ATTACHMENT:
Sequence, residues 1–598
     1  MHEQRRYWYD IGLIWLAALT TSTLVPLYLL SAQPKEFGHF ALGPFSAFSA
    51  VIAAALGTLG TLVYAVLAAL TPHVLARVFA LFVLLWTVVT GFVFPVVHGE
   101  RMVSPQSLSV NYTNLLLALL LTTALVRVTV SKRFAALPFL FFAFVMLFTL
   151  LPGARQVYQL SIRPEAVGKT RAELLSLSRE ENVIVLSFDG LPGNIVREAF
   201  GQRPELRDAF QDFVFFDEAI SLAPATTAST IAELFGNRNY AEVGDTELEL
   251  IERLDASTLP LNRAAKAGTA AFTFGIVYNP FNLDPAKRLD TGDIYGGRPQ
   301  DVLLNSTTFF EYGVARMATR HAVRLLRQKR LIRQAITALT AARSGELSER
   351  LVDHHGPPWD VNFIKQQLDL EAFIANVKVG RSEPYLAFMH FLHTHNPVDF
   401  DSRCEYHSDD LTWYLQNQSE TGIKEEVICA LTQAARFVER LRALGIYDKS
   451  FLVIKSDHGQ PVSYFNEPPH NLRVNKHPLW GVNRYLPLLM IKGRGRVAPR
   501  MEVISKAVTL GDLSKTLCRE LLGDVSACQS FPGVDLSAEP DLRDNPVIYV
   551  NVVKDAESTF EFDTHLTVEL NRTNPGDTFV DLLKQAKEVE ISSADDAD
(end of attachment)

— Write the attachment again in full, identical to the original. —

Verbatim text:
Sequence, residues 1–598
     1  MHEQRRYWYD IGLIWLAALT TSTLVPLYLL SAQPKEFGHF ALGPFSAFSA
    51  VIAAALGTLG TLVYAVLAAL TPHVLARVFA LFVLLWTVVT GFVFPVVHGE
   101  RMVSPQSLSV NYTNLLLALL LTTALVRVTV SKRFAALPFL FFAFVMLFTL
   151  LPGARQVYQL SIRPEAVGKT RAELLSLSRE ENVIVLSFDG LPGNIVREAF
   201  GQRPELRDAF QDFVFFDEAI SLAPATTAST IAELFGNRNY AEVGDTELEL
   251  IERLDASTLP LNRAAKAGTA AFTFGIVYNP FNLDPAKRLD TGDIYGGRPQ
   301  DVLLNSTTFF EYGVARMATR HAVRLLRQKR LIRQAITALT AARSGELSER
   351  LVDHHGPPWD VNFIKQQLDL EAFIANVKVG RSEPYLAFMH FLHTHNPVDF
   401  DSRCEYHSDD LTWYLQNQSE TGIKEEVICA LTQAARFVER LRALGIYDKS
   451  FLVIKSDHGQ PVSYFNEPPH NLRVNKHPLW GVNRYLPLLM IKGRGRVAPR
   501  MEVISKAVTL GDLSKTLCRE LLGDVSACQS FPGVDLSAEP DLRDNPVIYV
   551  NVVKDAESTF EFDTHLTVEL NRTNPGDTFV DLLKQAKEVE ISSADDAD